So I know that I'm supposed to have a lot to say. But when I think of what I have been doing the last few days, my mind draws a blank. I guess I'm used to it already here??? (?!) That doesn't make sense.
First off, here are a couple of pictures I found from my cell phone from the festival. These are panoramic I took by moving it sideways. They're from the last night of the festival, when there are big floats on every block for as far as you can see, and lots of drummers in festive clothes and townspeople (tee-hee, I like using that word!) dancing around them.
This is the graveyard right by my house. I took these by peeking my phone through a little opening in the wall. Japanese graves are family ones instead of each person having their own space. So all the ashes are put in a big pit that's opened up every time someone dies, and they're large vertically instead of horizontally. I think, I've never actually seen an open Japanese grave. :P
Here's a "purikura," the little photo booth things that make you look a lot prettier than you are because they have fancy lights and then you get to decorate them all crazy and then you have tiny little fun stickers that are printed out. Or you can email them to your phone. Fun! I think Rylan is doing the Bloods symbol.
Anyways, last Friday was my first day of work. More like an orientation. I took the bus to my school on the other side of town (I live just north of downtown, and my school is on the way south side) and got there four minutes late. But the bus schedule down there is hard. There's a bus that leaves at 7:10, and one that leaves at 8:00. So.....I dunno. Biking would probably take an hour. I could do that, I suppose. But then I would arrive at school all sweaty and gross everyday. Ew. This school is so nice and relaxed. It's way different from Kitamatsuzono where I was at when I was on SICE. (The school's name here is Mirumae.) At Kitamatsuzono, all the teachers would use the super polite and formal speech* with each other all the time, and even my first day I was sat down and not reprimanded, but reminded of my manners. I thought that it was just because I was being rude at the time, but now that I'm at a new school I see it's mostly because that school was uptight. The people I'm with now are really really nice. (The vice prinicpal at my other school was really nice though. I liked her.)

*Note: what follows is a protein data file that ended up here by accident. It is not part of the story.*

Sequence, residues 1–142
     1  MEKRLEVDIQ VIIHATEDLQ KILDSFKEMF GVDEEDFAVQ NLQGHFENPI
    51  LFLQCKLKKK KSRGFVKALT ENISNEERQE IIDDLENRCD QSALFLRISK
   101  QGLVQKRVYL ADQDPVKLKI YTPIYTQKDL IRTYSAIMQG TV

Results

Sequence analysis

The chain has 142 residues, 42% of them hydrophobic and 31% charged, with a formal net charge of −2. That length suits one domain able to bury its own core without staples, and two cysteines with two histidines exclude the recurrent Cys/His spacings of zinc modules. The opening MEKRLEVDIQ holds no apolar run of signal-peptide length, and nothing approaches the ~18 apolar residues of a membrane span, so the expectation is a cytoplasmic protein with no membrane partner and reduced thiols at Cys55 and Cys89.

One of the girls I'm here with, one who has been here a year already, is at Kitamatsuzono this time. Before she went there for her first day, she said that she had heard from other teachers at her old school that that one had no rules and the kids ran wild and it was viewed as a place of anarchy. I had no idea what she was talking about, but I guess I can see it now. Over there, the kids were friendly with their teachers, but also used very casual speech with them. This is a big no-no. But at Mirumae on Friday, a kid came in the teachers' room** and was scratching his elbow, and the teacher that sits next to me got on him for not having his hands at his sides when talking to his superior. But not in a scary way. It's like the schools have completely reversed hierarchies. At Kitamatsuzono, the polite speech was directed towards colleagues but not used by students, and at Mirumae, kids know their place and the teachers are much more relaxed.
That Friday I went out to lunch with my main English teacher (I think her name is Ishigawa) and the Japanese language teacher and I got cold noodles. That night Ishigawa went to Tokyo to see the Blue Man Group. Jealousy. Oh, also some of the teachers at my current school go by their first names. What?! That's crazy. And more fun.
Most of that day I helped kids with their speeches for a contest. I spent about an hour with each one going over them line by line and correcting their pronounciation. They have trouble with Ls, Rs, especially when preceded by a vowel, Fs, Vs, and THs. Listening them talk is so funny.